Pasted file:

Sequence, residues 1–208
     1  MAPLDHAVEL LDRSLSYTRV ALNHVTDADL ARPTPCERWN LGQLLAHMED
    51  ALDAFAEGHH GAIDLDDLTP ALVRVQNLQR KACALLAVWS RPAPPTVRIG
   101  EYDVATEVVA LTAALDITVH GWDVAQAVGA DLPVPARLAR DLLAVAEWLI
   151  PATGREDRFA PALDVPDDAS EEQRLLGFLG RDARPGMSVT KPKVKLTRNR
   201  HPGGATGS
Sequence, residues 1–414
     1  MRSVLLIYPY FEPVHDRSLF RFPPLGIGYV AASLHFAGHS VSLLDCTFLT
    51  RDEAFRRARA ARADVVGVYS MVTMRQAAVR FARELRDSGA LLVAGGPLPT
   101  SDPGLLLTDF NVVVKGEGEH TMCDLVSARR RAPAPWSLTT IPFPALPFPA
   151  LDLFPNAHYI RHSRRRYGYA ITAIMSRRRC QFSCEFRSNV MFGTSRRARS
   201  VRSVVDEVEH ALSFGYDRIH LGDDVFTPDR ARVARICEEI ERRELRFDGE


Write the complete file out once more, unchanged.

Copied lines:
Sequence, residues 1–208
     1  MAPLDHAVEL LDRSLSYTRV ALNHVTDADL ARPTPCERWN LGQLLAHMED
    51  ALDAFAEGHH GAIDLDDLTP ALVRVQNLQR KACALLAVWS RPAPPTVRIG
   101  EYDVATEVVA LTAALDITVH GWDVAQAVGA DLPVPARLAR DLLAVAEWLI
   151  PATGREDRFA PALDVPDDAS EEQRLLGFLG RDARPGMSVT KPKVKLTRNR
   201  HPGGATGS
Sequence, residues 1–414
     1  MRSVLLIYPY FEPVHDRSLF RFPPLGIGYV AASLHFAGHS VSLLDCTFLT
    51  RDEAFRRARA ARADVVGVYS MVTMRQAAVR FARELRDSGA LLVAGGPLPT
   101  SDPGLLLTDF NVVVKGEGEH TMCDLVSARR RAPAPWSLTT IPFPALPFPA
   151  LDLFPNAHYI RHSRRRYGYA ITAIMSRRRC QFSCEFRSNV MFGTSRRARS
   201  VRSVVDEVEH ALSFGYDRIH LGDDVFTPDR ARVARICEEI ERRELRFDGE